We couldn’t find the words to share the story of food allergies better ourselves, so we are passing along a couple of great articles that touch on the stages of processing, accepting, and living with a child who has food allergies.
Seeing that it is National Peanut Month struck home with the Ballenger family. One of their grandkids has multiple food allergies, and it’s been a family effort to keep him safe until he can be a better advocate for himself.
The challenges don’t just start and stop with accommodating a special diet; the mental toll is significant too.
Corinna, a mom blogger, is sharing her journey as she navigates being a mom of a child with severe food allergies.
I’ve been hearing about the mental weight that moms carry lately, how we do and feel so much more than what people know. In fact, I read an excellent article over on Urbanmoms.ca about this very thing which inspired this article about the high mental weight carried by food allergy moms too.
It’s funny because I didn’t think the weight would be that heavy at first.
Yes, I went through a mourning phase of giving up many of my favorite foods, but worse yet, I realized I wouldn’t be able to pass on traditions that I loved as a kid like decorating cookies, gingerbread house decorating, or just having an ice cream cone on a hot day. Not to mention the extreme stress of realizing that if I accidentally gave my child even a trace of their allergen, it could result in a life-threatening reaction.
But after the mourning and the initial fear, I became determined.
I was going to make everything and do everything, so my kids never had to feel left out. They would not realize they were going without because I wasn’t going to let that happen. I was energized, and I didn’t think it would be that hard.
But it was somewhere between baby food and family meals when reality hit me.
Now, not only do I struggle with the endless list of tasks that are necessary to run a home, but I also add tasks that have life-threatening consequences for the ones I hold dear if I don’t do them right.
It’s not just trying to make dinner that the family eats every night; it’s ensuring that the dinner is completely safe with constant label reading and worrying that I make a small mistake and cause a life-threatening reaction. It’s calling companies to make sure there isn’t a chance of cross-contact in the factory. It’s cooking everything from scratch because there not many companies are completely allergy aware, and the ones that are cost as much as my first-born. And then there’s the fact that eating in restaurants requires extensive research which means no breaks from cooking.
Every single social event is another endless list of tasks that need to get done. Friends and family who are willing to help need to be educated about how to cook safely. And even then, it takes days of texting/emailing to make sure ingredients & recipes are truly safe. And the friends and family that don’t get it?? The mental load of trying to either get them to understand or feeling the separation from them because of it is hard to bear at times.
Then there’s the tasks involved with things that others take for granted. Like finding & educating a babysitter that you can trust to recognize anaphylaxis and properly use the EpiPen when needed. Or, the extensive research required to go on a vacation so you’ll actually feel rested instead of worrying the whole time. And preschool or school comes with its own challenges of safety, inclusion and worry too.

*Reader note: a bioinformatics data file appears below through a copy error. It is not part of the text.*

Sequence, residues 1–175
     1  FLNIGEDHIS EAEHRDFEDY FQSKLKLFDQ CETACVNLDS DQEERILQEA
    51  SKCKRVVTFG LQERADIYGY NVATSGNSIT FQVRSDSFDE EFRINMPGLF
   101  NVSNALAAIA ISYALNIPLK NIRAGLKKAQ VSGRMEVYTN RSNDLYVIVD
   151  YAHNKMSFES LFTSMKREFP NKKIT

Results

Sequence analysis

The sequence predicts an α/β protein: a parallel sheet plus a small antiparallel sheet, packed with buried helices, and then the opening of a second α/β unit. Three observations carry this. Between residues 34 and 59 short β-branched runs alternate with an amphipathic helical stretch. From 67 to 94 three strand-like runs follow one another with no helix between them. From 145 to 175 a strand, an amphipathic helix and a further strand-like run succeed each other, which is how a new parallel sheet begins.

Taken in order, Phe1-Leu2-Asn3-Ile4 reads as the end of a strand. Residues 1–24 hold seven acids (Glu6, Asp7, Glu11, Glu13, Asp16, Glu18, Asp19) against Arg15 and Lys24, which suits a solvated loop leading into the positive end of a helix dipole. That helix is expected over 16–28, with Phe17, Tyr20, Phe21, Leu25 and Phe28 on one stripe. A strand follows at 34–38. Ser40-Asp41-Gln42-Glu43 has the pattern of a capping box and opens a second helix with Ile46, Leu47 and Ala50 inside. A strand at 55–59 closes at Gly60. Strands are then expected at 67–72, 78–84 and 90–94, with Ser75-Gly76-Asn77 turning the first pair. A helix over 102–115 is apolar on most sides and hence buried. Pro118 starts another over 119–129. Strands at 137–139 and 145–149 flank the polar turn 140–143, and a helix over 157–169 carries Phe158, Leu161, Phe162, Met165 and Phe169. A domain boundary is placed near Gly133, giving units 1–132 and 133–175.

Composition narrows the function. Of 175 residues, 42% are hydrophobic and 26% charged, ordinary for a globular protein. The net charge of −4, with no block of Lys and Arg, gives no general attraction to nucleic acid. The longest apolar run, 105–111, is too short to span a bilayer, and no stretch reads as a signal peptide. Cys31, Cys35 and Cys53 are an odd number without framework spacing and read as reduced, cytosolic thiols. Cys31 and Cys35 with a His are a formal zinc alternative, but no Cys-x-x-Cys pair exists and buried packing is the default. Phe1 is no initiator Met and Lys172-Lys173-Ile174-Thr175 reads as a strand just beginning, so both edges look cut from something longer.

The worrying may never completely stop, but with knowledge there is power. Sharing the information you learn will help those not living with kids with food allergies be more aware and sensitive to the issue as well.
Here is another story from a mom’s point of view while the family navigates food allergies. This story by Ruchi Gupta was shared on WedMD:
Every child is different, so there’s no one-size-fits-all approach for food allergy families. You have to figure these things out for yourself and then you have to educate others. And just when you get comfortable with the challenges you are facing, new ones pop up as children grow.
A deeply challenging one for me came when Riya entered school and I realized I had to trust someone else to keep her safe. It was not easy for me. In fact, it was terrifying.
The doctor in me made sure she had two epinephrine autoinjectors with her at all times, trained her teachers to administer the medication, and created an emergency plan if they had to call 9-1-1. Even so, for a long time the mother in me couldn’t just drop her off at school and leave. Day after day, I sat in her classroom looking for risks and problem solving solutions.
When I did get comfortable leaving her at school, I was afraid to be too far from her. I had put her in a preschool within 10 minutes of my work so I could get there quickly if need be, and I held onto my phone all day in case they called with an emergency. I also didn’t want to travel for work and risk her having a reaction without me there. So for a long time, I took her on work trips with me – bringing along my husband or parents to watch her while I did presentations on my food allergy research.
There is so much fear for parents of children with food allergies, and I felt it intensely. It starts because you know the serious implications of their allergies, and it builds every time your child has a reaction or even enters a new situation where that’s a possibility.
Receiving the news of a food allergy diagnosis is no fun. It means life for the entire family is changing. But Dr. Gupta has the encouraging words for us all to hold dear:
“As terrifying and challenging as the journey as a food allergy parent has been at times, I also see how it is shaping my daughter into a resilient, courageous, strong teen who is learning to self-advocate in ways that I know will serve her throughout life.”